UK

Ecuador Britons warned to stay indoors amid violence

Red Cross medics escort an army soldier in Quito
Image caption Troops stormed a hospital in Quito late on Thursday and rescued President Correa

Britons in Ecuador have been warned to stay indoors by the Foreign Office after a day of unrest resulted in gun battles between police and soldiers.

During the violence, President Rafael Correa had to be rescued from a hospital where he had been trapped by police rebelling over benefit cuts.

He and his supporters said the violence amounted to an attempted coup.

The UK Foreign Office (FCO) said Britons with immediate travel plans may also have to put them on hold.

Unrest amid anger at a new law cutting benefits for public servants plunged the South American country into chaos on Thursday, shutting down airports and blocking roads in a nationwide strike.

Issuing updated travel advice for Ecuador on Friday, the FCO said: "Numerous demonstrations are taking place in favour and against the government across the country.

"British nationals are advised to remain indoors, either at home or in their current location, if safe to do so."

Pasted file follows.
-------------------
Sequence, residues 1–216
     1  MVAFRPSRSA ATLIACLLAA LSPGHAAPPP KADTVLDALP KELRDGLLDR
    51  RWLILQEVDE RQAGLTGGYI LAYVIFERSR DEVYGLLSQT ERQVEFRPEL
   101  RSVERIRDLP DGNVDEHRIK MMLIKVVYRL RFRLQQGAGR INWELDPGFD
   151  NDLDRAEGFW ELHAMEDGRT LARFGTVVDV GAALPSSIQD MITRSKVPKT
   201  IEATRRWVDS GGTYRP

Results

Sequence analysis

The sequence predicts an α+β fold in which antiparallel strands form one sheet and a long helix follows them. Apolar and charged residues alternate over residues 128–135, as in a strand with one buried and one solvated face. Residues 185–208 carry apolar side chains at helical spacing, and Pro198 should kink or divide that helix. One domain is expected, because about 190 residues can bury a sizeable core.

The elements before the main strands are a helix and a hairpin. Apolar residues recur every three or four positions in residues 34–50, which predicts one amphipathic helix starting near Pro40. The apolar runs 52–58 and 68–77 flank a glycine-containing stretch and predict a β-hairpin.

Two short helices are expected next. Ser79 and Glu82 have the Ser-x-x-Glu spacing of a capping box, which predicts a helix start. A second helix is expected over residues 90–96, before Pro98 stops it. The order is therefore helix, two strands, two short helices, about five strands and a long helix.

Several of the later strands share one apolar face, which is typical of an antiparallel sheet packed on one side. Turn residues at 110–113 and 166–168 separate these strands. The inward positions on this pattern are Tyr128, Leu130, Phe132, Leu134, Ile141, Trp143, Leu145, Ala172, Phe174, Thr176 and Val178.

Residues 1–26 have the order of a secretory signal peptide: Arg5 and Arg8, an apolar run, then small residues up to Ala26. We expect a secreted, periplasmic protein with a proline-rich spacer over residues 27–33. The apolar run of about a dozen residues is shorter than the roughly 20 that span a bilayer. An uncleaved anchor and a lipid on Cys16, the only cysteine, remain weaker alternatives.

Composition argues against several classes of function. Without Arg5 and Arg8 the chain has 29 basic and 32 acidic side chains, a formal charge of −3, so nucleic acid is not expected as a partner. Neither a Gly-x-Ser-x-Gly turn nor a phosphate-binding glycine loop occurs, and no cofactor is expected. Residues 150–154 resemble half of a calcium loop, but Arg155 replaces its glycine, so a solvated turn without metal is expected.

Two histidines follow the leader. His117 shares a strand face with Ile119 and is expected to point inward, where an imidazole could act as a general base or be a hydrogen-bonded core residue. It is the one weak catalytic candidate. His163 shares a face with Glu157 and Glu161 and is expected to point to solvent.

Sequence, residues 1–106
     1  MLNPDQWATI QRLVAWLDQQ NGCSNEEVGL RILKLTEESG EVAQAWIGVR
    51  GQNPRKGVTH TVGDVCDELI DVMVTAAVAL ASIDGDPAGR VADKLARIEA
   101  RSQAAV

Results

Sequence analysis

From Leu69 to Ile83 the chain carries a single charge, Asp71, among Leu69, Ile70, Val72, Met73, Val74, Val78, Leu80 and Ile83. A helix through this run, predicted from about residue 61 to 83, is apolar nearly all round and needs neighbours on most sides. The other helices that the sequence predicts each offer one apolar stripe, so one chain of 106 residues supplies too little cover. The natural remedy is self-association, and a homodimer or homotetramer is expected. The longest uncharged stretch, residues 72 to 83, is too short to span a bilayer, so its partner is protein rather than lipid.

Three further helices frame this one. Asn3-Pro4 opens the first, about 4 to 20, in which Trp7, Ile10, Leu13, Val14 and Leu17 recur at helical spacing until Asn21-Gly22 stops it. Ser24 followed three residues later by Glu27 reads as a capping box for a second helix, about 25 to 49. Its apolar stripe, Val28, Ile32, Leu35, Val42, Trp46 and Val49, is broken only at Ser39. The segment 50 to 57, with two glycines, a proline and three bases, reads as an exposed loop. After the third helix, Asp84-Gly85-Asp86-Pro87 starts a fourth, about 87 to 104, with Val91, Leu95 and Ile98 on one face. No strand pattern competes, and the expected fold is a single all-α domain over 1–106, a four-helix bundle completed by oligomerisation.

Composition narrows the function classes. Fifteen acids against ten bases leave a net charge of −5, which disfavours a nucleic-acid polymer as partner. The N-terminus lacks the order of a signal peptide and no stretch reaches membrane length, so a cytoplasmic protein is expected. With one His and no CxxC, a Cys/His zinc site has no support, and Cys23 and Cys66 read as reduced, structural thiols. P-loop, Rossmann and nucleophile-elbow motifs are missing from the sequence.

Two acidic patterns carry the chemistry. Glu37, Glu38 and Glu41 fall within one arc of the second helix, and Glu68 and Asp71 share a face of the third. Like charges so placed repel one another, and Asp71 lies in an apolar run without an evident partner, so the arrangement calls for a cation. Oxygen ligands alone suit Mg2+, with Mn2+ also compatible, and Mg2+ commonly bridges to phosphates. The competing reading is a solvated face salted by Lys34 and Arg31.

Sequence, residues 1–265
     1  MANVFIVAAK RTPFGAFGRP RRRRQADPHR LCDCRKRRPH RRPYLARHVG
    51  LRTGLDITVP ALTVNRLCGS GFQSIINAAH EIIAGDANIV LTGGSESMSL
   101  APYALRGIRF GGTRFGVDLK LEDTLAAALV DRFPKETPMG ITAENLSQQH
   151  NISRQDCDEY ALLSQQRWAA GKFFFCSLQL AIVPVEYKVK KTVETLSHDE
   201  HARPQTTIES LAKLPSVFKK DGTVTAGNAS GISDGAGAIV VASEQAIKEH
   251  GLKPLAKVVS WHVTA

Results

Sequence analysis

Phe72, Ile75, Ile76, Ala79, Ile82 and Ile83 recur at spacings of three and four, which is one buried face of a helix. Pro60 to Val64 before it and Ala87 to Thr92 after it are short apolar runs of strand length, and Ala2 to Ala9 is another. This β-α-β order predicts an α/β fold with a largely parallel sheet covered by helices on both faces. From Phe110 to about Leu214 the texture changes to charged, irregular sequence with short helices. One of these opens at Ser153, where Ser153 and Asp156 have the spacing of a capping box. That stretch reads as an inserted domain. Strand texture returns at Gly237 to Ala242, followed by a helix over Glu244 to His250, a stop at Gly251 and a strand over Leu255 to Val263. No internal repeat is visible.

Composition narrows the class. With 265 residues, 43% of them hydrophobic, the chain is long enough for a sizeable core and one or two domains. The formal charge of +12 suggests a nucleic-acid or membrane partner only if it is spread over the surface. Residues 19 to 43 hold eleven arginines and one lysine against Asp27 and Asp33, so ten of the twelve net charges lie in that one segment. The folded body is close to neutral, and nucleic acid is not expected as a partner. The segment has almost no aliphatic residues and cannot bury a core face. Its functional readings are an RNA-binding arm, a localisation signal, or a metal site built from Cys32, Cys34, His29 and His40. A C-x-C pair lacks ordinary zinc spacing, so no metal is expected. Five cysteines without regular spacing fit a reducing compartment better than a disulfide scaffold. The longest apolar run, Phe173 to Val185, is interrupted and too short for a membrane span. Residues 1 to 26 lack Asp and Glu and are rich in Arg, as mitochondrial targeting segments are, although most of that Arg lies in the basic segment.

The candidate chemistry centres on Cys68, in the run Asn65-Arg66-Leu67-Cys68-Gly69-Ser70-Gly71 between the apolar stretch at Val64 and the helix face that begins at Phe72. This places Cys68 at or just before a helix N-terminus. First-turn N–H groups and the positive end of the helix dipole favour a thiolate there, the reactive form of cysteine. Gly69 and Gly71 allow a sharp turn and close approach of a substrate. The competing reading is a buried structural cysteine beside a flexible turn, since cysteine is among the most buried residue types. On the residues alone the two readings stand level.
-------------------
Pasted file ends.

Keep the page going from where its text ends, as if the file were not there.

It added: "Those with immediate travel plans may be forced to put them on hold until the situation improves and are advised to contact their airline."

Foreign Office Minister Jeremy Browne has also urged the all parties to refrain from violence and "respect the democratic, constitutional government of Ecuador... and restore order quickly and peacefully".

After being freed from the hospital in Quito by soldiers, Mr Correa told cheering supporters from the balcony Quito's presidential palace the uprising was more than a simple police protest.

Mr Correa had been held in the police hospital, where he was treated after being hit by tear gas in a confrontation, for over 12 hours.

Ecuador has a history of political instability. Protests toppled three presidents during economic turmoil in the decade before Mr Correa, a 47-year-old US-trained economist, was elected in 2006.

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